Civil rights groups are picking the wrong fight with President Obama
There is, it turns out, something more galling than teachers unions fighting against proposals that would improve education for students in the worst-performing schools. At least the teachers unions are, presumably, acting in the economic self-interest of their members.
What's more galling is that civil rights groups would oppose Obama administration initiatives to improve failing schools -- initiatives that hold the greatest promise for the same minority students whose interests these groups purport to represent. And that the basis for their opposition is the claim that the initiatives are unfair to minority and low-income students.
I know Kanye West said that George W. Bush didn't like black people, but are civil rights groups really insinuating that Barack Obama doesn't care about black children?
I'm sure they would disclaim any such intent, but that is the import of the statement released Monday by eight groups: the NAACP, the National Urban League, the Rainbow PUSH Coalition, the NAACP Legal Defense and Educational Fund, the National Council for Educating Black Children, the National Action Network, the Lawyers Committee for Civil Rights Under Law, and the Schott Foundation for Public Education.
As it happened, the president was scheduled to speak to the Urban League on Thursday -- and he took the opportunity to push back.
Good for him.
"Let me tell you, what's not working for black kids and Hispanic kids and Native American kids across this country is the status quo," Obama said. "What's not working is what we've been doing for decades now."
This was not a Sister Souljah moment for the president, an exercise in demonstrating independence from a key Democratic Party constituency. When it comes to education policy, at least, Obama doesn't need to. The squealing from teachers unions, particularly the National Education Association, has done that for him. And while he promised an "honest conversation" about the civil rights' groups concerns, the president's tone was rather gentle.
Gentler, actually, than mine would have been.
First, the groups blast the administration's signature education reform, its $4 billion Race to the Top fund, because, they argue, the program does not do enough for minority children. "By emphasizing competitive incentives in this economic climate, the majority of low-income and minority students will be left behind," the statement says.
But where, pray tell, are these children now? Race to the Top has demonstrated the power of leveraging: With the prospect of money dangled before them, states have instituted important changes before receiving a dime. The 21 states that have qualified for funds are home to two-thirds of the minority children in this country. And, as the president pointed out, the only way to win a Race to the Top grant is to come up with a plan to deal with failing schools.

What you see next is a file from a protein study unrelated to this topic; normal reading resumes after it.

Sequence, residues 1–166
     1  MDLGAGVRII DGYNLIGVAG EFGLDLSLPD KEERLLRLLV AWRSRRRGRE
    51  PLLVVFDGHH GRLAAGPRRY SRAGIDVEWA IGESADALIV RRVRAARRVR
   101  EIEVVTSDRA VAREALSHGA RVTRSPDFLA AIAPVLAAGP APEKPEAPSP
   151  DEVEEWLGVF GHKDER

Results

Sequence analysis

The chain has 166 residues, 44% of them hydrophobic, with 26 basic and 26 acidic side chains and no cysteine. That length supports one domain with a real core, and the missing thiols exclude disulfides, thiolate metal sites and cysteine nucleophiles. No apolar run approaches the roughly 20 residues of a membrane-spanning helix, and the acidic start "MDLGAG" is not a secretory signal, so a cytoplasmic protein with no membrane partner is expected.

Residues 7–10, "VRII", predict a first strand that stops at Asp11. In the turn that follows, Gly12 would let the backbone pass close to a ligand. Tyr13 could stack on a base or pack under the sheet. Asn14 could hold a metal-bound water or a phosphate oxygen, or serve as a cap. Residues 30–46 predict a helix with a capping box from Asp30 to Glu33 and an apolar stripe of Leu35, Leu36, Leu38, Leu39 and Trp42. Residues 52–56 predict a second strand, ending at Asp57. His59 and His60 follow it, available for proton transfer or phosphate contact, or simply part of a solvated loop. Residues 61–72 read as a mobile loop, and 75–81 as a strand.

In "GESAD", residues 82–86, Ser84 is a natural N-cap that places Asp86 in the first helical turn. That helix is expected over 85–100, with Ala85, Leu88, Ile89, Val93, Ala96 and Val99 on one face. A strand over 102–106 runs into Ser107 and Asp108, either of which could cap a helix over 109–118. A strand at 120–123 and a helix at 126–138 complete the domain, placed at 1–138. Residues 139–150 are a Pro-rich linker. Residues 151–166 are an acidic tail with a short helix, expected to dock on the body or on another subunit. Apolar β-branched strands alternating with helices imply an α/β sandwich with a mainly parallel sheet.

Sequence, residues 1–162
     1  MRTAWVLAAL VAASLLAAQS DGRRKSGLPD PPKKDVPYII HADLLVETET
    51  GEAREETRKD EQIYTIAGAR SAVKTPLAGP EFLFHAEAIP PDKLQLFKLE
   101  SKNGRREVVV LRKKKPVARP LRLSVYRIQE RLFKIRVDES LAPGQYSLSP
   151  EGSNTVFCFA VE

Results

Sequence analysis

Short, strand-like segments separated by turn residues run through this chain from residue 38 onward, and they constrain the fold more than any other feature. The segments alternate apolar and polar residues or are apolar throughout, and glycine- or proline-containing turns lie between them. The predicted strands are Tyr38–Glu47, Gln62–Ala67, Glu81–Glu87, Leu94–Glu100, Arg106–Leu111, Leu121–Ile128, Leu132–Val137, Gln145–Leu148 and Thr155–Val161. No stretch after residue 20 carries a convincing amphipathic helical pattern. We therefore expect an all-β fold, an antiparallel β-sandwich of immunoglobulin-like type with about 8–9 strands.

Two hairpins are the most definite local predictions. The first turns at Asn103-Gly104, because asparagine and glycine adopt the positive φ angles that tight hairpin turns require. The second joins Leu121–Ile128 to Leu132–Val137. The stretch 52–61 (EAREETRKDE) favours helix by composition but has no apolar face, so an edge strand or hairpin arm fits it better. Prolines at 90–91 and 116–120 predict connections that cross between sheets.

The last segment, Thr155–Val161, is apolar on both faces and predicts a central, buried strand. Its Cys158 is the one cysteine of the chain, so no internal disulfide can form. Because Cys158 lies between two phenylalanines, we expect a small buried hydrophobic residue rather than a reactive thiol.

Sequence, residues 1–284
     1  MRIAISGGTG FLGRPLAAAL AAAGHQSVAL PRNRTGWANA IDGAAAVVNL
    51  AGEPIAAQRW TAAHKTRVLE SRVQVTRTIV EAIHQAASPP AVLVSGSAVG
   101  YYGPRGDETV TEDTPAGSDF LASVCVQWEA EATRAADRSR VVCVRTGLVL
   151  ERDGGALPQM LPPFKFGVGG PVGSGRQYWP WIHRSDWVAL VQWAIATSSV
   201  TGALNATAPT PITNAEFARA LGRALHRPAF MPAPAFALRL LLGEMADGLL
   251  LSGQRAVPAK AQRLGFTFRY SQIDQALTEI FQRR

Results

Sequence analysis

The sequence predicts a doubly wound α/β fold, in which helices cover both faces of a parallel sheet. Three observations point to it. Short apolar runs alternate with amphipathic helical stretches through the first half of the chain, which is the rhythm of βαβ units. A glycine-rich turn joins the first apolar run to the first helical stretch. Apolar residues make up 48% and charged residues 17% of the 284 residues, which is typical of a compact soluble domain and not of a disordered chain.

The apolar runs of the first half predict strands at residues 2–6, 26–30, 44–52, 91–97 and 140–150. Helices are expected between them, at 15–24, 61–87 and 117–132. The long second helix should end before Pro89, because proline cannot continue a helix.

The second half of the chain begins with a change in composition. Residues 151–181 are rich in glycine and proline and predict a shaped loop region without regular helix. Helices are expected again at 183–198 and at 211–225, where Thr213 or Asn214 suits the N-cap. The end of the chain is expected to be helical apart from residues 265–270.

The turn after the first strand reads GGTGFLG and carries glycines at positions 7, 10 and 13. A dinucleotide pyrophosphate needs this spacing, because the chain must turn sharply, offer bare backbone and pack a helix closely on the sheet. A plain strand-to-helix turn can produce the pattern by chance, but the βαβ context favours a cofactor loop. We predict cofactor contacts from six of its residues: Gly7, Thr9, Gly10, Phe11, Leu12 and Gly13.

Second, the groups criticize the administration's "extensive reliance on charter schools," expressing concern about "the overrepresentation of charter schools in low-income and predominantly minority communities." Charter schools are in those communities precisely because that's where failing schools are. The whole point is to give parents and students in those communities an acceptable choice.
The groups assert that there is "no evidence that charter operators are systematically more effective in creating higher student outcomes nationwide." But the latest studies suggest that charters are especially effective in boosting performance among low-income students.
Third, the groups say the administration is trigger-happy when it comes to closing failing schools. Better trigger-happy, perhaps, than inert. Too many schools have been failing for too long, with no changes and no consequences. When the 2,000 worst-performing high schools account for 75 percent of minority-student dropouts, something is dangerously wrong. More is risked by letting these schools remain open than in closing them precipitously.
There is a historical alignment of interests between civil rights groups and teachers unions, in part because teachers have traditionally made up such a large segment of the black middle class and because so many teachers in inner-city schools are themselves African American.
But to the extent that the teachers unions are blocking an agenda designed to help the poorest students in the worst-performing schools, and that civil rights groups have aligned themselves with the unions' concerns, these groups are making a terrible mistake.
Obama comes to the education debate from the perspective of a community organizer who saw, firsthand, children who were not learning in schools that were failing them. His mission, as president, to change this situation is one that civil rights groups should be cheering, not picking apart.